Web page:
Tulsa County's DA office requesting more money
Tuesday, April 10th 2001, 12:00 am
By: News On 6
Tulsa County's District Attorney says if the state doesn't cough up more money, crime victims will suffer. Tim Harris says his staff can only do so much to get criminals off the streets with the budget they receive.
KOTV's Lori Fullbright explains how Tulsa County compares to other places the same size. The comparison is not pretty. Tim Harris says he doesn't want the whole pie, just a fair slice. For instance, Tulsa County has 16% of the population in Oklahoma but Harris' office only gets 12% of the money set aside for DA's. If he got the 16%, that would give him an additional $1.2-million a year.
Not a day goes by in Tulsa County without someone getting arrested for big crimes and for small. Those cases end up at the District Attorney's office, in fact, last year, 45 prosecutors handled 7,000 felonies, 4,000 misdemeanors, 2,000 domestic violence cases, 20,000 traffic cases, including dui's and 18,000 juvenile delinquents. "But for federal grants and programs that allow us to apply for other monies, we would not be able to give the citizens the kind of public safety they deserve."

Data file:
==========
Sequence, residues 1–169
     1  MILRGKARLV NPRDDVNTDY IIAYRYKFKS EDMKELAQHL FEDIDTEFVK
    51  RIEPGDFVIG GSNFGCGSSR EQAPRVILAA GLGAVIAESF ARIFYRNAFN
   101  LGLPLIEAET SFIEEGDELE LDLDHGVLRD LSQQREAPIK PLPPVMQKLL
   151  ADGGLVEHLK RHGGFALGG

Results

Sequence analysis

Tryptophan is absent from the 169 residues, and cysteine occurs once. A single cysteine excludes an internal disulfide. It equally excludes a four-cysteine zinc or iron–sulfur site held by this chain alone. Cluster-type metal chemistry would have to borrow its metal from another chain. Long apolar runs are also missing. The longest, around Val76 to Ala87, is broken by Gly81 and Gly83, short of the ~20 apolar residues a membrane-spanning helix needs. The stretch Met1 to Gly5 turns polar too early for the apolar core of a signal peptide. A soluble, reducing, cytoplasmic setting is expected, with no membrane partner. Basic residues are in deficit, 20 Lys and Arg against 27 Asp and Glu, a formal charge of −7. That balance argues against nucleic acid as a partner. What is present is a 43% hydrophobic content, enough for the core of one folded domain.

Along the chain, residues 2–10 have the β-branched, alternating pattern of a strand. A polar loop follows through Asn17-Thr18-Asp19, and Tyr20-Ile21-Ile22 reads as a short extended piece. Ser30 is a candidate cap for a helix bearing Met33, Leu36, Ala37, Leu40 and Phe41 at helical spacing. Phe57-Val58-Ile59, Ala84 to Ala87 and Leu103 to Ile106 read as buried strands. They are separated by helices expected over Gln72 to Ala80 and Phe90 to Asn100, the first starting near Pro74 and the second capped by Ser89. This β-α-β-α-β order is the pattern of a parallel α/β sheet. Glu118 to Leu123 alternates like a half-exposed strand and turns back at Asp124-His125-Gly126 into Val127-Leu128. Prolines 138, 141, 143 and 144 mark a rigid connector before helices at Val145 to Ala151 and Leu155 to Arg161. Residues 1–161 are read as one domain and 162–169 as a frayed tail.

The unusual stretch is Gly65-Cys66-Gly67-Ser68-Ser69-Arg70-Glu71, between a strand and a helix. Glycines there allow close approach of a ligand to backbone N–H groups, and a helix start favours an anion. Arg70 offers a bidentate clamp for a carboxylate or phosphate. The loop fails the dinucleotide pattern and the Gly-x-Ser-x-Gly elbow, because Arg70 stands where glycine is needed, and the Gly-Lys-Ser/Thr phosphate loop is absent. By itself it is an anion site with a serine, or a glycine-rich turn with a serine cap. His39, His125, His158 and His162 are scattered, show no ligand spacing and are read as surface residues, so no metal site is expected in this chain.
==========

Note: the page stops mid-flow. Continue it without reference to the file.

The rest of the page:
Harris expects to receive the same budget this year as last, a little less than $3.5-million to cover a population of 563,000. He says Denver's DA gets $8-million a year with a population of 506,000, Wichita gets $6.5-million with 450,000 people and Albuquerque gets a whopping $13-million with 535,000 folks. "We're doing the best we can, but at some point, you reach a saturation level." Harris says it's not just the heavy caseload that's running off good people, but also, the fact he can't begin to compete with what his prosecutors can make in private practice. He says he can't fight this battle alone. "I think the people of Tulsa County need to make demands that we be given the tools we need to make this thing work."
Harris says now is the time for citizens to call and write their legislators since they are currently in the process of hammering out the state's budget. Legislators say they see the need for the larger counties to have more money but are reluctant to take it away from the rural DA's offices. They say they are searching for a solution that doesn't rob Peter to pay Paul.